"You're welcome," Lauren replied.
The man took out his tape measure to begin measuring and marking down numbers on his pad of paper. Heobviously hadn't realized Lauren had also given hisdaughter a pad of paper.
With her gaze on her father, Ally carefully moved thepad of paper behind her. A quick look at Lauren invitedher silence.
Lauren just stood there, thinking how cute the littlegirl was. She had sandy blond hair like her father andhis brown eyes, but while his features were masculineand handsome, hers were delicate and beautiful.
"Daddy, I'm hungry," the little girl said, flashing alook at Lauren.
"Yeah, baby, I'll get us some lunch in a little while,"he said, obviously distracted by his work.
"I'll feed her," Lauren said quietly, hoping not todisturb him. She didn't think he'd agree to such a planif he realized it. She held out her hand to Ally and thetwo left the room very quietly.
When they reached the kitchen, Lauren whispered,"Do you like grilled cheese sandwiches?"
Ally nodded, her brown eyes big."Good. I'll fix you one for lunch. We'll cut it intosoldiers. And if you eat a soldier, you get a cookie fordessert. Okay?"
The child nodded enthusiastically. Lauren sat her atthe table and began preparations for lunch. In no time,she'd made a grilled cheese sandwich and cut it intothree long strips, calling each one a soldier. Then shepoured her a glass of milk to go with the sandwich.
While Ally ate, Lauren made three more sandwiches,two for Mr. Mason and one for herself. She also heatedsome tomato soup.
About that time, they both heard Jack's voice, callingfor his daughter. He came running down the hall.
"We're in here," Lauren called. She almost brokeinto laughter when he burst through the open door. Onewould've thought he'd come slashing through the jungleto rescue the princess.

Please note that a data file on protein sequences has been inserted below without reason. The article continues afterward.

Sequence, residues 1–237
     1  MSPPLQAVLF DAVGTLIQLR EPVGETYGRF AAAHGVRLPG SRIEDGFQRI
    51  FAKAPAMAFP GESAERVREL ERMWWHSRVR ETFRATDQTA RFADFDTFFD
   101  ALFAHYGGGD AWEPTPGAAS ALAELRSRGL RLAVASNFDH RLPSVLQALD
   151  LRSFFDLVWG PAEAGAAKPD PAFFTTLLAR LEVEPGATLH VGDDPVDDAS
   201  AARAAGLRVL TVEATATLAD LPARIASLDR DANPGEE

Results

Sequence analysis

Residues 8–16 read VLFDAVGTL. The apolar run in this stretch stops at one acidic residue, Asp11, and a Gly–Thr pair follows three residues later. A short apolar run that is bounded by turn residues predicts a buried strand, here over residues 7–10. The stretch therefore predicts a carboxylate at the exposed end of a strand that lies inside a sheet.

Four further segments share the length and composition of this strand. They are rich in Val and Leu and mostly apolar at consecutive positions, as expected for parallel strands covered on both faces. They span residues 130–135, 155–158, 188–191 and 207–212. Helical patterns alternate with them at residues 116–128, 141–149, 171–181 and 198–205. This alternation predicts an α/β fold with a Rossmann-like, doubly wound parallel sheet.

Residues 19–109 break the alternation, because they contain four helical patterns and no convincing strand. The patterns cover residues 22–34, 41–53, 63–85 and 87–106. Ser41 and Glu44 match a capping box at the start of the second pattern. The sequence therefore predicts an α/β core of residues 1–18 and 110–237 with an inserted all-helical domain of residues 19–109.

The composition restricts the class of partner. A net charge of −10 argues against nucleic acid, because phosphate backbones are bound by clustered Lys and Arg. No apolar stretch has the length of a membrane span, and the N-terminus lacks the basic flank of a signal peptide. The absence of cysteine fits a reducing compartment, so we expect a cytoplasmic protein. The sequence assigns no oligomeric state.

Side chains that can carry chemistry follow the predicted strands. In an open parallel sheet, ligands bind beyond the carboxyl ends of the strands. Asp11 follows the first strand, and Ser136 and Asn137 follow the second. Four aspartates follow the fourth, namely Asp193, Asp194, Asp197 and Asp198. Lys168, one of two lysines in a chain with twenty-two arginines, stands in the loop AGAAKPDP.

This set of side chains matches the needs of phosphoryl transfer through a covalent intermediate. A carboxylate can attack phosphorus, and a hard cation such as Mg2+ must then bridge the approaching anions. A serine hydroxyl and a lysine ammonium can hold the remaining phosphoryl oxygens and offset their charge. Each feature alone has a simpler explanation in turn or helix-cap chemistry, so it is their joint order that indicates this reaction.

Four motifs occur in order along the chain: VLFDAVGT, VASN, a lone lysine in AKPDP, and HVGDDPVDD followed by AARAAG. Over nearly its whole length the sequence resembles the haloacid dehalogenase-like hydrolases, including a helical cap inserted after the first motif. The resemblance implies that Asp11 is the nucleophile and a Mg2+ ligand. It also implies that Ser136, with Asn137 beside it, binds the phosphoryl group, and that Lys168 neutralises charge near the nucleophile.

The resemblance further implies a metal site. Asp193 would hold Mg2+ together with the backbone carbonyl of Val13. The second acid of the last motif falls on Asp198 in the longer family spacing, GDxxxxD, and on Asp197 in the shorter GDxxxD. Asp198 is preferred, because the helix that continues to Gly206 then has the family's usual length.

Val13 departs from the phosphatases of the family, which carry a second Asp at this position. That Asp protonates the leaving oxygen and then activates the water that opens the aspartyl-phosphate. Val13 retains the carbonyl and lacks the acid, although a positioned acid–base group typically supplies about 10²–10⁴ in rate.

"Ally! You weren't supposed to leave my side!"
"I told you I was fixing her lunch," Lauren interrupted.
"I didn't hear you! And I don't need you to fix uslunch. I'll take us out to lunch. Come on, Ally."
"But, Daddy, I've almost finished my soldiers and Iget a cookie for each one."
"Ally, we have to"
"Mr. Mason, she has almost eaten all her lunch. Itwould be a waste of time to take her to lunch now.Besides, I've already made your lunch, too." She put aplate with two grilled cheese sandwiches and a bowl oftomato soup on the table.
He stared at the food. "I didn't ask for this!"No, but I thought it might save you some time."He didn't move, staring at the food."Look, eat, don't eat. It makes no difference to me."She sat down to eat her own lunch.
Ally looked at Lauren's plate. "You don't havesoldiers?"
"No, sweetie, only children get soldiers."
Ally leaned toward her father. "Daddy, do you wantmy last soldier?"
Her generosity broke through Jack Mason's stupor."No, angel, you eat your last soldier," he told the littlegirl. "I have plenty of food, thanks to Miss McNabb."
He sat down at the table, saying stiffly, "I appreciatethe lunch."
Lauren didn't believe him, but they ate silently andshe was satisfied that he ate all the food she'd provided. Ally ate her three cookies, but she was almost halfasleep by the time she finished.
"I have a bed she can sleep on," Lauren said.
"No! She stays with me." He stood and removed thecorduroy jacket he was wearing and wrapped Ally in it.
Lauren watched as, carrying his child, he walked outof the kitchen toward the office. She wasn't sure whatwas behind his watchfulness, but she wanted the littlegirl to be comfortable. She went to the other bedroomand pushed a big chair into her future office with twopillows and a blanket to cover the child.
He had already put Ally on the floor with the jacketbunched up at one end to form a rough pillow. Shepatted the chair and he nodded, transferring his daughterinto the chair.
"Thank you. She'll be more comfortable."
Lauren nodded and left the room. Whatever theman's hang-ups, he appeared to love his child, and thatcounted for something in Lauren's book.